A question of staples

Senn said Prison Legal News is problematic for two reasons: staples and content.

Some of the advertisements in the magazine are pornographic, showing naked women whose private parts are obscured; other ads peddle sex catalogs, magazines and pictures, she said.

Paul Wright, editor of Prison Legal News, said none of the ads are illegal.

"Post-hoc rationalization is what really comes to mind here," Wright said. Only now that Berkeley County officials face a lawsuit are they scrambling to justify their actions with evidence and a rationale, he said.

Initially, the jail offered no such excuses, Wright said. Last July, he emailed the jail to ask why his magazine was banned. Copies had been returned stamped "Books Not Allowed" and "Publications Not Allowed" with no explanation.

The detention center's 1st Sgt. K. Habersham wrote back: "Our inmates are only allowed to receive soft back bibles in the mail directly from the publisher. They are not allowed to have magazines, newspapers, or any other type of books."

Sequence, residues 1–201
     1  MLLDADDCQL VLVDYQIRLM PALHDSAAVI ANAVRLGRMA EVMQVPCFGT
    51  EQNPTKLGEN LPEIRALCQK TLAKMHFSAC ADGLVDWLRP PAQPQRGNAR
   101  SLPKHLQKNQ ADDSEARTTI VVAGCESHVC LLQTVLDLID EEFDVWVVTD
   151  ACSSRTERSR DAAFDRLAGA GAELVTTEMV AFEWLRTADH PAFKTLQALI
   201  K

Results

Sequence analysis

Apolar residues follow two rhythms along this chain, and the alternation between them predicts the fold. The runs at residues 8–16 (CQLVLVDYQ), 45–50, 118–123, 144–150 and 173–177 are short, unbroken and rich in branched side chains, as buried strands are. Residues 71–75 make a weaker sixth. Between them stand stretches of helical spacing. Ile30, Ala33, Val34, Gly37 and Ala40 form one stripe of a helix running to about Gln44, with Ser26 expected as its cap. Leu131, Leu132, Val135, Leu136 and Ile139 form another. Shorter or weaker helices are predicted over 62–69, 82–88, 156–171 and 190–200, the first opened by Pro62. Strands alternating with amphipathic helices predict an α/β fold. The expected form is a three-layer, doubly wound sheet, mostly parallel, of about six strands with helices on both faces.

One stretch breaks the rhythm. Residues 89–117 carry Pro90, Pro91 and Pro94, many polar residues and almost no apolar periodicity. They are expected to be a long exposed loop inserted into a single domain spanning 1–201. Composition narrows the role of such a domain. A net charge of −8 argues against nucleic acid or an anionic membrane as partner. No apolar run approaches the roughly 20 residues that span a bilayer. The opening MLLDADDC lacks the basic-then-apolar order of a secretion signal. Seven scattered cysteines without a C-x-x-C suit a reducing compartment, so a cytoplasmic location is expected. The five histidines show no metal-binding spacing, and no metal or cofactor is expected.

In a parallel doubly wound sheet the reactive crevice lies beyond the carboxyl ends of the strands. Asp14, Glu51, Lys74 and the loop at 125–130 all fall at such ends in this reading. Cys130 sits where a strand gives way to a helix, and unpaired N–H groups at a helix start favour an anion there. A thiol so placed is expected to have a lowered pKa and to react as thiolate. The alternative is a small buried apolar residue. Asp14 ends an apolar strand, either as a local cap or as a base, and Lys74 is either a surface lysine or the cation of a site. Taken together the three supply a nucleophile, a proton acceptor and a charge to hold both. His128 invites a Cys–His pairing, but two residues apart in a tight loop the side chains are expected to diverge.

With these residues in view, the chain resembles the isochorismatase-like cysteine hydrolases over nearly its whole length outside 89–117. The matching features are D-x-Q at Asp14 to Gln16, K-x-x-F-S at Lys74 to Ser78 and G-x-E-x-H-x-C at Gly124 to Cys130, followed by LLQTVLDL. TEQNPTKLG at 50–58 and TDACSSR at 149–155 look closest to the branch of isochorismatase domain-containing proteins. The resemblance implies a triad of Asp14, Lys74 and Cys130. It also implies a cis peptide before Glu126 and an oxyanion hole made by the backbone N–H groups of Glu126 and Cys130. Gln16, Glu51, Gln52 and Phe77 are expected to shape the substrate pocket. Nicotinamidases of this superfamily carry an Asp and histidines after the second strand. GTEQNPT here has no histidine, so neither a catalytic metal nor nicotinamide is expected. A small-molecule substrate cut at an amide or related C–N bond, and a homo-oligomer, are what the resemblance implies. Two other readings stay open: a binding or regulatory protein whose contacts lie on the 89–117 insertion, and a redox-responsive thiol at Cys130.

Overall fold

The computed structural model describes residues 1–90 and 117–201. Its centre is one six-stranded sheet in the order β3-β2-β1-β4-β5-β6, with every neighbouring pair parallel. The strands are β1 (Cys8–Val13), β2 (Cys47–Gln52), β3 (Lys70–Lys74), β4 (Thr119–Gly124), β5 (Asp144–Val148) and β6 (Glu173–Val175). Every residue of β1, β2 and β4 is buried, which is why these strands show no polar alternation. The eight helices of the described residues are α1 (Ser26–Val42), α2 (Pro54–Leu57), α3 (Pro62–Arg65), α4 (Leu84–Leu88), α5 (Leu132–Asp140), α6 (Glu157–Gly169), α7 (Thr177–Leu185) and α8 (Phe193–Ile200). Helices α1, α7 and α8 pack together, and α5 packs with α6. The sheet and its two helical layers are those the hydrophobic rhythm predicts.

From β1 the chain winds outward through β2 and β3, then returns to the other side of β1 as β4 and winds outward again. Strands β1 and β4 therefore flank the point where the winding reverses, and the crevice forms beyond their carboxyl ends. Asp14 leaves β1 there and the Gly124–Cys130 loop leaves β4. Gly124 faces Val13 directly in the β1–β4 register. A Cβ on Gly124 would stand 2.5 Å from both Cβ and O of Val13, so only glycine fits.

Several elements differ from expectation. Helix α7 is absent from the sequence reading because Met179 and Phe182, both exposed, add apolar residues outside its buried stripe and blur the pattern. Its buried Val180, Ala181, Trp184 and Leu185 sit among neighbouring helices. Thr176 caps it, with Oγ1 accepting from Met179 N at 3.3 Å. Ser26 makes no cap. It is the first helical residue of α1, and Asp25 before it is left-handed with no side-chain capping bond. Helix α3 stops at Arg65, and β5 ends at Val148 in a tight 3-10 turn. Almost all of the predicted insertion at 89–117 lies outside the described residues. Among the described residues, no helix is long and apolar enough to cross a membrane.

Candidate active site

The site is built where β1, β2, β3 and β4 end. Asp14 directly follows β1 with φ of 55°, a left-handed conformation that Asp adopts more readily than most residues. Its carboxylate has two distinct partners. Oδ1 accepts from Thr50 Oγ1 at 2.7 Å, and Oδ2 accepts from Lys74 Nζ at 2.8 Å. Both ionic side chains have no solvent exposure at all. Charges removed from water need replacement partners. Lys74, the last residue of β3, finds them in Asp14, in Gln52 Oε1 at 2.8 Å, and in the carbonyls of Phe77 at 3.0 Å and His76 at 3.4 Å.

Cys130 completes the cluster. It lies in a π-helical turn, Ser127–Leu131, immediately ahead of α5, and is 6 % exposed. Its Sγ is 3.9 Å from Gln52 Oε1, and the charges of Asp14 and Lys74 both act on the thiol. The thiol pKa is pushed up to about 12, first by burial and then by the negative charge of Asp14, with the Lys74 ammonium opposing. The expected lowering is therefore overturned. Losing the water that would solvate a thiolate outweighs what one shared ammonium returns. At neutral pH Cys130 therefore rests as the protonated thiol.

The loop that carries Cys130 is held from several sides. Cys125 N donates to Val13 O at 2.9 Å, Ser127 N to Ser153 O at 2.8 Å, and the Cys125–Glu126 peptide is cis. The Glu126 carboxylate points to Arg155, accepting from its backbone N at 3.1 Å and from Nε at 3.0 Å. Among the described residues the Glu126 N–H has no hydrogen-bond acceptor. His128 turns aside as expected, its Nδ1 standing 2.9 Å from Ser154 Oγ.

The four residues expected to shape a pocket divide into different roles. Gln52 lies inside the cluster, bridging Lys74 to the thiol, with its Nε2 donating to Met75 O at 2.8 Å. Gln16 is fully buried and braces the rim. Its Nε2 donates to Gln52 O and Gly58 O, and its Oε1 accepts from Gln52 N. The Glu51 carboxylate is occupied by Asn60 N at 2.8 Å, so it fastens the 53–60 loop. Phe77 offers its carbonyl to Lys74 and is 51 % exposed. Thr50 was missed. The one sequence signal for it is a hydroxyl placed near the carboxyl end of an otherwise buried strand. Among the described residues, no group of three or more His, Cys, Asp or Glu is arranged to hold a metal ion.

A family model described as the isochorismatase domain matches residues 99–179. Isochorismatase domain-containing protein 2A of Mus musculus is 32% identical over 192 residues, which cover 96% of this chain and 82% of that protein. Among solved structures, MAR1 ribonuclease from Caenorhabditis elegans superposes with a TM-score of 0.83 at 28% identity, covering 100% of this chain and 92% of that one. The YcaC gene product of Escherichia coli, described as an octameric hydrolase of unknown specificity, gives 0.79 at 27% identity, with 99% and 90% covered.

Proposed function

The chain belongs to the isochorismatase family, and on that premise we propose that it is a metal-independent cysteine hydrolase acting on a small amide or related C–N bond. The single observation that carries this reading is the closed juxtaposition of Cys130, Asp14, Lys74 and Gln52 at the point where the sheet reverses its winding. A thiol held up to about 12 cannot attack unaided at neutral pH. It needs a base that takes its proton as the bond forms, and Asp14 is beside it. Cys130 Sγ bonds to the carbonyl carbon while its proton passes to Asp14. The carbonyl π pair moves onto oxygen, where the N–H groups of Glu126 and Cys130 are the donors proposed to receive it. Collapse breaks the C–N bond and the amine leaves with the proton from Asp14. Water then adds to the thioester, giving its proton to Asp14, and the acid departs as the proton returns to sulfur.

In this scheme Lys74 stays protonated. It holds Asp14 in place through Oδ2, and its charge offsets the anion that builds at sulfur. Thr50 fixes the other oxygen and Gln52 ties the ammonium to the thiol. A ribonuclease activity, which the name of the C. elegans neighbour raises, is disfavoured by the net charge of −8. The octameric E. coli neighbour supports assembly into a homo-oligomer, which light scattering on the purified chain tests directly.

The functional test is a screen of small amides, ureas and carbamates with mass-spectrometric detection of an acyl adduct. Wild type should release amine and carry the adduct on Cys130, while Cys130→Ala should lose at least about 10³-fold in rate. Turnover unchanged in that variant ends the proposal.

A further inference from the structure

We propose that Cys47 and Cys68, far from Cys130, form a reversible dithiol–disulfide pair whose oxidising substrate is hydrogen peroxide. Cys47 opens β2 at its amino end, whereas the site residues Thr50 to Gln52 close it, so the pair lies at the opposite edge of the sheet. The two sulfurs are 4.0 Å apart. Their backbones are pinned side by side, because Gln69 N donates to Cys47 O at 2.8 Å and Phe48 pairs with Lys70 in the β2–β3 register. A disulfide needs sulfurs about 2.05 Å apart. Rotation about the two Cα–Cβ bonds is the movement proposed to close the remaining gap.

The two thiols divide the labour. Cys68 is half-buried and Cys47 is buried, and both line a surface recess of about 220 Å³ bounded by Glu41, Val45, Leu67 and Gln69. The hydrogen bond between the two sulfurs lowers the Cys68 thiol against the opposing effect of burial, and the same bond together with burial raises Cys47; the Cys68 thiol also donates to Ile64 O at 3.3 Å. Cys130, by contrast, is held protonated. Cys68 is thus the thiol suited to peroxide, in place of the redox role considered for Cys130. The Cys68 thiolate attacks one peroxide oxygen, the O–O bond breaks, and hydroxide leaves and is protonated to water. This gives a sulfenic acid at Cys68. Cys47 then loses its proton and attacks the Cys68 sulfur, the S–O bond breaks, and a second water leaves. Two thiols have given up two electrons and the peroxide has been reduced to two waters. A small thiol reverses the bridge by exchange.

The claims that pornography (or ads for it) and staples represent threats to safety at the jail are recent, Wright said. They were never mentioned before as a reason for the magazine's prohibition.

Wright said his magazine, which is black and white and printed on inexpensive newspaper stock, is concerned with the rights of prisoners, providing how-to information about legal claims, health issues, news about specific cases and more.

It's distributed to about 3,000 jails, including a number of maximum-security prisons. "They're getting Prison Legal News with staples, no problem," Wright said. "But somehow the staples are a problem in the Berkeley County jail."